READ MORE: Nearly Half Of COVID-19 Infections Could Be Asymptomatic, New Study Suggests
    What you can do
    If you haven’t yet, you can go get vaccinated. If you’ve had your shot, you can schedule a booster dose when you’re due.
    The reality is that Covid-19 is far from over, but we’re definitely a lot closer than we were before.

    READ MORE ON: Coronavirus COVID-19 Health News Health Tips More

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    How Much Water You Should Be Drinking Daily, According To A Nutritionist

    Given the emphasis on hydration in health circles (downing enough of the clear stuff has been linked to improved mood and brain function and a happily functioning digestive tract) it might not be something you think about that much –after all, your reusable water bottle never leaves your side…
    But. Although some experts would have you think it’s as simple as aiming for two litres of liquid per day, in reality it’s far more complicated than that.
    As nutritional therapist and co-founder of Your Body Programme Terry Fairclough reveals, factors such as your activity levels, the weather, your health and whether you’re pregnant all need to be considered when working out how much you should be drinking per day.
    How Much Water Should I Drink a Day: Your 5-Step Checklist
    1. What is your current weight?
    To find the base amount you should be drinking per day:
    Multiply your weight in kg by 0.6
    Divide this figure by 15
    For example, if you weigh 60kg: 60 x 0.6 ÷ 15 = 2.5 litres per day
    “Remember that a diet rich in fruit and vegetables will increase water intake, meaning you can drink less water,” says Fairclough, “while, drinking too much coffee, tea and alcohol will act as a diuretic, meaning you will need more.”
    2. What are today’s training goals?
    Did you know that you can lose up to 6-10% of your body’s water content, via sweat, when you exercise ? Which, considering even just a drop of 2% can have a noticeable effect on your performance levels, is a lot. Helps to explain why that uphill sprint suddenly feels so much harder than it ever has done before. Did you know that muscle is about 80% water? ‘The American College of Sports Medicine recommends drinking o.5 litres about two hours before exercise, and at regular intervals during your workout to replace fluids lost by sweating,’ says Fairclough.
    “If you exercise or engage in any activity that makes you sweat, you need to drink extra 1.5 to 2.5 cups (400 to 600 millilitres) of water to compensate for the fluid loss – if you’re doing short bouts of exercise. For more intense training lasting more than an hour (for example, running a marathon), you will need even more – the exact amount depends on how much you sweat during exercise, and the duration and type of exercise.”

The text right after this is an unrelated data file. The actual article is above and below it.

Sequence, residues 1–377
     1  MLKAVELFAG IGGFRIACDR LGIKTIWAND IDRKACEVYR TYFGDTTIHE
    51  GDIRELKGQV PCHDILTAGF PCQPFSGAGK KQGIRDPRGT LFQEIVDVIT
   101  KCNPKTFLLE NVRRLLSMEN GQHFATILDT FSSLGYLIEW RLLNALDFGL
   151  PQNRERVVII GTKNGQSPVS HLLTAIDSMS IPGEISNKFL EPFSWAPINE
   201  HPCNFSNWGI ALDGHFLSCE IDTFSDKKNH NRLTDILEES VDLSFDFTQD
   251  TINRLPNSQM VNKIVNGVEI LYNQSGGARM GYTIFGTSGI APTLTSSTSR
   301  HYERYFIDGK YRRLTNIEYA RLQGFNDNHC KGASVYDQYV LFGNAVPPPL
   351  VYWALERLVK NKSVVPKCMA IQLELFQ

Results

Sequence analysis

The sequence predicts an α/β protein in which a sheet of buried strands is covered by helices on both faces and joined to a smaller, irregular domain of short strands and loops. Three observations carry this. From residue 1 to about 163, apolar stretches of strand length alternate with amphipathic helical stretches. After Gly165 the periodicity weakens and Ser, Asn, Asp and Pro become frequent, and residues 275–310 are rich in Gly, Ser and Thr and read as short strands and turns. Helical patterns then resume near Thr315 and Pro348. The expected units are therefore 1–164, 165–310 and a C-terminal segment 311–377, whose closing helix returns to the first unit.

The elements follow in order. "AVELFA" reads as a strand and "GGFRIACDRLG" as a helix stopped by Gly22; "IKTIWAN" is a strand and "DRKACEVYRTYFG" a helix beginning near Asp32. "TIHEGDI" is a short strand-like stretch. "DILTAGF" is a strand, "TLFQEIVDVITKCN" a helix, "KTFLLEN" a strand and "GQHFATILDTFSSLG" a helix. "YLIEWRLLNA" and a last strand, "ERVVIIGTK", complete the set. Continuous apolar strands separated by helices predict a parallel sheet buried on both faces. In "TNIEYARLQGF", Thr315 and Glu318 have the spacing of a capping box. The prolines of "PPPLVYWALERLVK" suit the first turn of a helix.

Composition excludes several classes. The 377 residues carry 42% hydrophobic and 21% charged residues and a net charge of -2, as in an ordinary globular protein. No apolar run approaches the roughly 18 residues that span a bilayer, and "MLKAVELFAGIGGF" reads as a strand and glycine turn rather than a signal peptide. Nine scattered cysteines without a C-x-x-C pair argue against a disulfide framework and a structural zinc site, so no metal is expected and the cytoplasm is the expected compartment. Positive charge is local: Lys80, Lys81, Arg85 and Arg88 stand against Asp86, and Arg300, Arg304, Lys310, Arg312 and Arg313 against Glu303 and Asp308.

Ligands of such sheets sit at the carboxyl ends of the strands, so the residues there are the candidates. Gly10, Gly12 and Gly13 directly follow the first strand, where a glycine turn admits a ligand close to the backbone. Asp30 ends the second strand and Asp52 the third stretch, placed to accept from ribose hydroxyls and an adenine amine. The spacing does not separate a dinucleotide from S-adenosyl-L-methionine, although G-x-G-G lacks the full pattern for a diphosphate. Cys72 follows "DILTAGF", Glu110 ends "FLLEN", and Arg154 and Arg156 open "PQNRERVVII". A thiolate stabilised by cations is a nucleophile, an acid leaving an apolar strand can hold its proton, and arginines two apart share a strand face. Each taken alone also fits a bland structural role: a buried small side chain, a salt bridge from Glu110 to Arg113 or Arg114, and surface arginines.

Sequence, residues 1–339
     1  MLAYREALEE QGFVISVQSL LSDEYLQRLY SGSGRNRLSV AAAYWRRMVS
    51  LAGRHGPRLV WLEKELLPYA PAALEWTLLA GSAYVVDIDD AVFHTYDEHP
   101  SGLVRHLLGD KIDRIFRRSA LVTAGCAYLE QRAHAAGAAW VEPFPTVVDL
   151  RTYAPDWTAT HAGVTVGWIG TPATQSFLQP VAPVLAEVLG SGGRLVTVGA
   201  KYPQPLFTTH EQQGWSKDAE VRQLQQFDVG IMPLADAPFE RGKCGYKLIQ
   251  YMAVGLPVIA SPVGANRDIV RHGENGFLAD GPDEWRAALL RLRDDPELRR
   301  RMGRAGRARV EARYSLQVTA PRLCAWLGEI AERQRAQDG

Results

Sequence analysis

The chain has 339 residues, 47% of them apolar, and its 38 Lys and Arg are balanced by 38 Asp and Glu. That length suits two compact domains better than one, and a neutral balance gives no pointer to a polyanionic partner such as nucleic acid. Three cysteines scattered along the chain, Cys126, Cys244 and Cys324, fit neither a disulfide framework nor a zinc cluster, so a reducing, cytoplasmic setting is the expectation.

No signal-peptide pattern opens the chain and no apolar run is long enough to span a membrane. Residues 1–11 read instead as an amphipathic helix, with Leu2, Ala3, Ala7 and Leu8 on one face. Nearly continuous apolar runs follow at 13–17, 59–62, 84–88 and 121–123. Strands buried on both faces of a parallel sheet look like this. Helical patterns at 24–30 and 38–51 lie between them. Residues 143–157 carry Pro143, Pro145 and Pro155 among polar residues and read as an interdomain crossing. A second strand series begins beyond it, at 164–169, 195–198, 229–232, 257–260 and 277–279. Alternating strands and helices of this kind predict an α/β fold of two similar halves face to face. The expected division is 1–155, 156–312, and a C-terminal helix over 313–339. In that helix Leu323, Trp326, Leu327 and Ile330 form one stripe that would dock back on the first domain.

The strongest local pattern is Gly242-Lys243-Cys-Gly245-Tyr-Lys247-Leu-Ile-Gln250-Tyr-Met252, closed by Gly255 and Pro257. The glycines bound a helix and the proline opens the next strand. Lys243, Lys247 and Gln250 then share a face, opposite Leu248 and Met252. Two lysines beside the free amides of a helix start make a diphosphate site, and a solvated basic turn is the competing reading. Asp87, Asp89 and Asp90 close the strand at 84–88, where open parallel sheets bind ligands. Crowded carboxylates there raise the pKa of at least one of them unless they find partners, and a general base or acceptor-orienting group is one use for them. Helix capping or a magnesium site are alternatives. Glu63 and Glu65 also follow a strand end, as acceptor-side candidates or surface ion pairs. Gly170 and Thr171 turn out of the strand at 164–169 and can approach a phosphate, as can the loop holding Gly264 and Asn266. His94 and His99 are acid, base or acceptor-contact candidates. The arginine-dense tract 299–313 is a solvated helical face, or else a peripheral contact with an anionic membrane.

When undertaking intense exercise, Fairclough also recommends hydrating with a sport drink that contains sodium to help replace that lost in sweat and so reduce the chances of developing hyponatremia (see below). “It is also essential that you continue replacing fluids after exercising.”
    3. What is the weather like?
    Okay, so this isn’t just a question of whether you’ve managed to bare your legs for the summer or are still encased in a pair of tights. The environment that you commute and work in also factors into how much water you should be drinking.
    ‘Hot, humid weather and heated indoor air, can make you sweat, leaving you dehydrated and in need of fluid,’ says Fairclough. ‘Plus, altitudes greater than 8,200 feet (2,500 metres) may trigger increased urination and more rapid breathing, which use up more of your fluid reserves.’
    One to note, if you’ve any adventure holidays in the pipeline.
    4. How are you feeling?
    If you’ve been experiencing illness such as a fever, vomiting and diarrhoea, or conditions, including bladder infections and urinary tract stones, you should be upping your fluid intake to compensate.
    “In some cases, your doctor may recommend oral rehydration solutions such as Rehidrat or Powerade,” says Fairclough. Note that a number of health conditions can impair water excretion: heart failure and some types of kidney, liver and adrenal diseases may require that you limit your fluid intake.
    5. Are you pregnant or breastfeeding?
    “The Institute of Medicine recommends that pregnant women drink about 10 cups (2.3 litres) of fluids daily and women who breast-feed consume about 13 cups (3.1 litres) of fluids a day,” notes Fairclough. Did you know that the water content of the foetus is estimated to be 75-90%?
    Why? Well, water is needed to form amniotic fluid (it is estimated a woman carries from 0.5-two litres during pregnancy), support the increase in blood plasma volume and to produce breast milk. “Remember, that water contained in tea and coffee is not an ideal replacement when dehydrated as they are diuretics and increase your loss of water.”
     5 Ways to Increase Your Water Consumption
    According to the Natural Hydration Council, symptoms of dehydration include constipation, dark yellow urine, a dry mouth, headaches, increased thirst, lethargy and muscle tiredness.
    Research shows that water losses of just 2% can result in reduced mental performance – think brain fog.
    Fairclough shares his top tips for keeping your fluid intake up:
    *Hot or warm water from the kettle is often easier to drink than water straight from the fridge, when the weather is cold.